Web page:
Lebron Explodes for Epic Performance

Lebron James

Sports Saturday

What an amazing NBA series we are seeing between the Miami Heat and the Indiana Pacers! Last week I compared it to a Lord of the Rings scenario but now I’m thinking it’s the Odyssey. A King returns to reclaim his throne and finds pretenders in his way.

It takes an epic to do justice to the final obstacle facing Odysseus, which is 108 young stud warriors. Likewise, the return of King James looks like an increasingly difficult uphill battle. The Heat barely beat Indiana in the first game and lost in games two and four. Their fabled depth appears suspect as two of their “big three,” Wade and Bosh, are hobbled with injuries. Their legendary but aging shooter Ray Allen can’t buy a three-point basket, nor can his teammate Shane Battier.

In the first half of the fifth game, their mediocre play looked to continue. Indiana’s three big men were dominating and took a four-point lead into the second half. If they hadn’t missed three easy lay-ups early in the game, they would have been up by double digits. With Wade a non-factor, it wasn’t clear what the Heat could do.

Luckily for them, they still had Odysseus. James put the team on his back and refused to lose, exploding for most of his team’s 30 points (to Indiana’s 13) in the third quarter. Here’s how Yahoo sports writer Dan Devine describes James’s memorable scoring explosion in the third quarter:

The Heat scored 30 points in the third quarter. James directly created 25 of them — scoring 16 of his own on 7 for 10 shooting and assisting on nine more with four dimes (three to Haslem, whose baseline jumper was huge in the third, and one on a 3-pointer by Mario Chalmers). He was surgical operating out of the high post, especially with Haslem making Hibbert pay for shading toward the lane, both with midrange jumpers and once, surprisingly and very loudly, off the dribble.

The effect on Indiana was absolutely demoralizing. Devine’s account continues:

Thirteen points on 3 for 14 shooting, just one assist against five turnovers that led to nine Miami points, just two points in the paint and zero second-chance points (nullifying one of the Pacers’ major advantages in this series). A four-point halftime lead turned into a 13-point deficit entering the fourth quarter, and a chance to take another game on the road turned into a win-or-go-home Game 6 on Saturday … all, or at least largely, because of No. 6 in the home whites.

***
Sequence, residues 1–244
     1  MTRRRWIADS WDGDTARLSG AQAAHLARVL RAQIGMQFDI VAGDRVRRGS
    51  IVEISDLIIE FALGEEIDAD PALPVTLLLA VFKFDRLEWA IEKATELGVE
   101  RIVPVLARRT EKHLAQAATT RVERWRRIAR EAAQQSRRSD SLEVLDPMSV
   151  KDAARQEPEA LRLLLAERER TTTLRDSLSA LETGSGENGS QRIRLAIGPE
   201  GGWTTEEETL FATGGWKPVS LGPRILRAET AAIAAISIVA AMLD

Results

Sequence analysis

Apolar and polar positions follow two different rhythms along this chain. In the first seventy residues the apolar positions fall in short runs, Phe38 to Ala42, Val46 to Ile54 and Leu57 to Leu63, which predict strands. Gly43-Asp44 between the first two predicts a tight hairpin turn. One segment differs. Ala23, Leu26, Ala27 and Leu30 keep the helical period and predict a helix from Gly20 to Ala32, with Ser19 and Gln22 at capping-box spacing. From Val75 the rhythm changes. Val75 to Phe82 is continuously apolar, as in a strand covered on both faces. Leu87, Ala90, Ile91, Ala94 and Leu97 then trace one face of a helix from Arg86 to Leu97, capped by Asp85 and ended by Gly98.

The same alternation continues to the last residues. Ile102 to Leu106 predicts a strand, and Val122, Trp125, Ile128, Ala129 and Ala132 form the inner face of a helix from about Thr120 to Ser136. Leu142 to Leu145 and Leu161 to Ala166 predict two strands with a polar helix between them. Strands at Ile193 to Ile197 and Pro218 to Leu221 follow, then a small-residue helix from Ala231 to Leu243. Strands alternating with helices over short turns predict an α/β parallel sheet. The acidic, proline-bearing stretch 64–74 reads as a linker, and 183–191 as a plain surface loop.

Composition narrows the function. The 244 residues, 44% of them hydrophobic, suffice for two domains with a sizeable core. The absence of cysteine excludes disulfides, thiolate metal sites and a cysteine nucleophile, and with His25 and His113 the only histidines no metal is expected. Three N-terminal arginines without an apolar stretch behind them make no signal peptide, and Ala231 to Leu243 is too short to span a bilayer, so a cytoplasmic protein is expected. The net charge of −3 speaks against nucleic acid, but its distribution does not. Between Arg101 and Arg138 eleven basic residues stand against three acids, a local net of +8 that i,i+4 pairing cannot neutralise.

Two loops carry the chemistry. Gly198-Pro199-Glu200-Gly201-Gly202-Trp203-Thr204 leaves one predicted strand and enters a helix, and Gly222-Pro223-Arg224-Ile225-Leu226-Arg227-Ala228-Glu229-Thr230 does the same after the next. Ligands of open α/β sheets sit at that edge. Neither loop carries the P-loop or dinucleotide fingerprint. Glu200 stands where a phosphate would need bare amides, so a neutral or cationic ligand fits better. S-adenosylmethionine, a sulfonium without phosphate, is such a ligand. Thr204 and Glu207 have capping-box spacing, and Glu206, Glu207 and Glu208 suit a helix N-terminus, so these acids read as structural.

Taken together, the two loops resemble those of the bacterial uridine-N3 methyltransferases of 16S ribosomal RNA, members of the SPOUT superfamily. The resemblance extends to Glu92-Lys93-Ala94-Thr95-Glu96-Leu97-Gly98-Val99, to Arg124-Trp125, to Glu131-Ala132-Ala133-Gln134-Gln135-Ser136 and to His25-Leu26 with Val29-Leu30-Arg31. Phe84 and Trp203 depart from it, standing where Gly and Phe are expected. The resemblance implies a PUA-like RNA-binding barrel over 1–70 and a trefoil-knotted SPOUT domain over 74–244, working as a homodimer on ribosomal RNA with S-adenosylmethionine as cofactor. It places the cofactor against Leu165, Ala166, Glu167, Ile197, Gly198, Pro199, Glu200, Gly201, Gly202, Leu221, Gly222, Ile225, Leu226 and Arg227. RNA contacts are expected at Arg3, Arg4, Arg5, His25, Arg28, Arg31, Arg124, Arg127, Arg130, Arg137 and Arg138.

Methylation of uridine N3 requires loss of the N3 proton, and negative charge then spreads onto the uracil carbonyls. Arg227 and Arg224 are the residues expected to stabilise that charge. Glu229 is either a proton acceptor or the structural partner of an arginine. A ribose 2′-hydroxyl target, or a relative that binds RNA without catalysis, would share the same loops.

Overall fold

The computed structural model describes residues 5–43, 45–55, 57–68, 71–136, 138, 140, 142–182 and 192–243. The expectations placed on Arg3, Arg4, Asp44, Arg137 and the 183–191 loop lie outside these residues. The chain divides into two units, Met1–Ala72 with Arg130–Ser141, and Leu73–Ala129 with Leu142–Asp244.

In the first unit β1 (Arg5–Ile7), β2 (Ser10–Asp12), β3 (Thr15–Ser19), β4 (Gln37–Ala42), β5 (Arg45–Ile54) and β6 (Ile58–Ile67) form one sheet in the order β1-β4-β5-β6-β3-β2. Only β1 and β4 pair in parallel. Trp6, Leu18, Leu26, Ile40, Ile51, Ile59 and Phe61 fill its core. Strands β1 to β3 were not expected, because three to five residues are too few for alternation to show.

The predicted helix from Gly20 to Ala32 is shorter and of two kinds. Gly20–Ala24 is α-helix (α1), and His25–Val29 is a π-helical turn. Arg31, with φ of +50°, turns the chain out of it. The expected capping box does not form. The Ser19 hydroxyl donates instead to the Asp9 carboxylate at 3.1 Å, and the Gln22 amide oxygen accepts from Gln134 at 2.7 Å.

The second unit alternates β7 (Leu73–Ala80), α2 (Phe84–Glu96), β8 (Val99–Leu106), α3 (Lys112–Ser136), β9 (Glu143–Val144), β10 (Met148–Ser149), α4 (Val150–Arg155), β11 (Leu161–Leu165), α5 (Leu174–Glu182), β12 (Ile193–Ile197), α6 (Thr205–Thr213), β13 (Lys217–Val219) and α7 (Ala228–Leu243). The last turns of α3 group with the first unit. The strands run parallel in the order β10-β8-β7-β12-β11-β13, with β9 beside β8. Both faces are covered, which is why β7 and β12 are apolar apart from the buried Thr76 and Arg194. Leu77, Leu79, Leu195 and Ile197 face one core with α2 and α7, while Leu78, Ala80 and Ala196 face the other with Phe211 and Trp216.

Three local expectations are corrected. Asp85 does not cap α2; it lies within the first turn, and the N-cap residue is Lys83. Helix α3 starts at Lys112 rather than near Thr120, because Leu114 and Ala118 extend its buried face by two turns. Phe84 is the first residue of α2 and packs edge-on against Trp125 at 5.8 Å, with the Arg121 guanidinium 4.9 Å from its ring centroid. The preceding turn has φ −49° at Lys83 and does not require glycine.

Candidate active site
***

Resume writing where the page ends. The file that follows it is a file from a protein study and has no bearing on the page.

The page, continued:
The third quarter reminds me of the point in Odysseus’s battle when the suitors begin to doubt and panic sets in. Such panic, observed by warriors on the battlefield, is so powerful that the Greeks attributed it to supernatural agency. As Homer describes it, Athena raises her shield, the foe can no longer see straight, and the battle turns to slaughter. Something similar happened to Indiana:

At this moment that unmanning thundercloud,
the Aegis, Athena’s shield,
took form aloft in the great hall.

                                    And the suitors mad with fear
at her great sight stampeded like stung cattle by the river
when the dread shimmering gadfly strikes in summer,
in the flowering season, in the long-drawn days.
After them the attackers wheeled, as terrible as falcons
from eyries in the mountains veering over and diving down
with talons wide unsheathed on flights of birds
who cower down the sky in chutes and bursts along the valley–
but the pouncing falcons grip their prey, no frantic wing avails,
and farmers love to watch those beaked hunters.
So these now fell upon the suitors in that hall,
turning, turning to strike, and strike again . . .

(Robert Fitzgerald translation)

King James is set to reclaim his throne. Indiana will be hard-pressed to stop him.

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